The tone of a poem is emotion or overall impression it conveys. Margaret Atwood's poem, "At the Tourist Centre in Boston" conveys a tone of cynicism and disgust at a tourist display about Canada.
The speaker is in Boston, looking at a map of her home country, Canada. The map is big and under glass. It is surrounded by ten large blown-up photos, one for each of the provinces. The map—which show red dots for the cities—and the photos around the map, both distort what Canada is. The speaker says of the photos that they have an "assertive purity" and show an unrealistic mother with "teeth white as detergent."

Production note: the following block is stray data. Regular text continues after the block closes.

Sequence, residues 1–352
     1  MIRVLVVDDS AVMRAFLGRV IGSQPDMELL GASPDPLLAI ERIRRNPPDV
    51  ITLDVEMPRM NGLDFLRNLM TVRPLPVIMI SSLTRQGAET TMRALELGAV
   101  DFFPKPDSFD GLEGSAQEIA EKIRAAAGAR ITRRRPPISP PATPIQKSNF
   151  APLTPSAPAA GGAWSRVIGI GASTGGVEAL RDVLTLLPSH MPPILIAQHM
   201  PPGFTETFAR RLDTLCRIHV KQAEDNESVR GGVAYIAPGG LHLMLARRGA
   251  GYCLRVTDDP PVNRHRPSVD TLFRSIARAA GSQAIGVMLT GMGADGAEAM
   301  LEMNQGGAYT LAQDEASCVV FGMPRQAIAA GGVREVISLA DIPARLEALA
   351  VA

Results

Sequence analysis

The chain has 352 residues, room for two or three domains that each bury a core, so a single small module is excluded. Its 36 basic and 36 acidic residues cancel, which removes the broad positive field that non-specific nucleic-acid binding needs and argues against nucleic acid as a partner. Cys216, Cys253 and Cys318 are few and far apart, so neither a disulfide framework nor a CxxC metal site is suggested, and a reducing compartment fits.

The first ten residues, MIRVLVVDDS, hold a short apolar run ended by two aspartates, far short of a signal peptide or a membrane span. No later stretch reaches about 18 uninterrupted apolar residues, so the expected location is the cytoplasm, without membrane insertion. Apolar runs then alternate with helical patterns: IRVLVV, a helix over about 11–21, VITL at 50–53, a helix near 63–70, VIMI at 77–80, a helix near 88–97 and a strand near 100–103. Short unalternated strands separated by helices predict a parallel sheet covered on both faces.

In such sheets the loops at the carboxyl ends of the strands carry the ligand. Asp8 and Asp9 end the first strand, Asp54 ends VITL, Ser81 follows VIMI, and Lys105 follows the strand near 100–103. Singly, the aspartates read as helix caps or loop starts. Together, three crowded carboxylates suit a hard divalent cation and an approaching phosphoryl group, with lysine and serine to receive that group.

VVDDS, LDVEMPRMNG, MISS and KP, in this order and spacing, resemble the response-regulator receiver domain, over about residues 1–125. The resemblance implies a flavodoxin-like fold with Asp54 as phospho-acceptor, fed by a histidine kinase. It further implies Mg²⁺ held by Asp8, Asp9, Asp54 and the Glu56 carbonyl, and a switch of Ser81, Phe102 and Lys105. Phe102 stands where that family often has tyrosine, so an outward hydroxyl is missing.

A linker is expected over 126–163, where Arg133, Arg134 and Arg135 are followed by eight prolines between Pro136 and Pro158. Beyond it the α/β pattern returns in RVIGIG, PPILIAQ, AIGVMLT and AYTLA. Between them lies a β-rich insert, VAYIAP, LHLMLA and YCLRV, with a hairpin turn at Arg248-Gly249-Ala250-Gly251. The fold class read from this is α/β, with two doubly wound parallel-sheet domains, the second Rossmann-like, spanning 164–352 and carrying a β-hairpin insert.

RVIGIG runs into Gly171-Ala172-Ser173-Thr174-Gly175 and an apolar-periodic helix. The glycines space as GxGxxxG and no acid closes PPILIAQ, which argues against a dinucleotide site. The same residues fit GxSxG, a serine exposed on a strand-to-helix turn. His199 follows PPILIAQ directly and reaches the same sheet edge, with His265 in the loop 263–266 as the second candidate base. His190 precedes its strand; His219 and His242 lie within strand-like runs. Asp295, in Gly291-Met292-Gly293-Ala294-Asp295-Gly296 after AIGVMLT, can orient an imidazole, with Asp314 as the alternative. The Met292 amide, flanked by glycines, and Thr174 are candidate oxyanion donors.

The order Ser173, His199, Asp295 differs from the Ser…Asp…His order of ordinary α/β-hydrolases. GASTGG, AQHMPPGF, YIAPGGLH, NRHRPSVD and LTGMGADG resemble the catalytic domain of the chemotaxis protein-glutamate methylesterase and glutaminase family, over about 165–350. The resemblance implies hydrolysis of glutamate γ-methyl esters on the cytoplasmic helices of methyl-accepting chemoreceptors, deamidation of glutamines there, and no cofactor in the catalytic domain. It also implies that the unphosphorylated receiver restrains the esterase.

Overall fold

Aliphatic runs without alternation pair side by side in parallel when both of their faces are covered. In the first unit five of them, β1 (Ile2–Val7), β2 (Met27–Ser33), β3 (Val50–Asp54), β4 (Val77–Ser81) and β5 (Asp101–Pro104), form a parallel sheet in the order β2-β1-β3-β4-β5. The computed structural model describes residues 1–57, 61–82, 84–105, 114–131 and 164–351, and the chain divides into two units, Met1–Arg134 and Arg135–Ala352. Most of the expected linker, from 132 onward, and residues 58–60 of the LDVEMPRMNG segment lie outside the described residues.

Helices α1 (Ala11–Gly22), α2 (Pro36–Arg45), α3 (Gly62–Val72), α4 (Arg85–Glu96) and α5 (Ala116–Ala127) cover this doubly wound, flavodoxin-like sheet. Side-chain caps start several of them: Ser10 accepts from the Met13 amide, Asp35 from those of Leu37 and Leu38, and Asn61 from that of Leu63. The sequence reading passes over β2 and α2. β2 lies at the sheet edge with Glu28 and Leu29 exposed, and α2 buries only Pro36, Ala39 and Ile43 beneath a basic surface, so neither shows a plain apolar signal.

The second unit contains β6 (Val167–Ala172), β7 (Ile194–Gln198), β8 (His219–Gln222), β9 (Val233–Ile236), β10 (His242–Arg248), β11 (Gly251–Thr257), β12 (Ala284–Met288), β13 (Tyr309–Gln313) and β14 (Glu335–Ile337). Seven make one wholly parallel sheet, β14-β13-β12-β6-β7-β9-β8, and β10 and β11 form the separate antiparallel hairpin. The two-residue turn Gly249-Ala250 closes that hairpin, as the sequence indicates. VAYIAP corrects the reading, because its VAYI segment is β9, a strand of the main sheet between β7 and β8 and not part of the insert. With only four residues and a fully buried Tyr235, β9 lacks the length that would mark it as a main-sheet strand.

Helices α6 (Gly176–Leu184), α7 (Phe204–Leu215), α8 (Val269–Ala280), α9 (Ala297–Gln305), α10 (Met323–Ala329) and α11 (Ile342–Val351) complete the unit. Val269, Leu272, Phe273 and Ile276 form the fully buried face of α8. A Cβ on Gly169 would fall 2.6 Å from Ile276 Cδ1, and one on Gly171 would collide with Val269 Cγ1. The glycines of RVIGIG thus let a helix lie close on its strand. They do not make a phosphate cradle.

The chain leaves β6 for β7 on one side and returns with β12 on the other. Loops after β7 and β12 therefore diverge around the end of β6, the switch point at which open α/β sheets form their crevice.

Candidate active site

The speaker calls these photos a "dream." She asks where the other parts of Canada are, the parts she is familiar with. Where is the "slush," the "garbage," the "machines" that are also part of Canada? The speaker says, bitterly and wryly, that perhaps these memories she has are "private mirages." In contrast to the placid, natural, idealized beauty of the Canadian landscape in the photos, the speaker has violent thoughts: perhaps, she thinks with bitter humor, these scenes are meant to lure tourists in for "massacres." Finally, the speaker asks,
Was the sky ever that blue?
Who really lives there?
The speaker is pushing back with distrust and derision against the Canada this tourist display projects. She shows her distaste for this kind of phoniness by pointing out realities about Canada.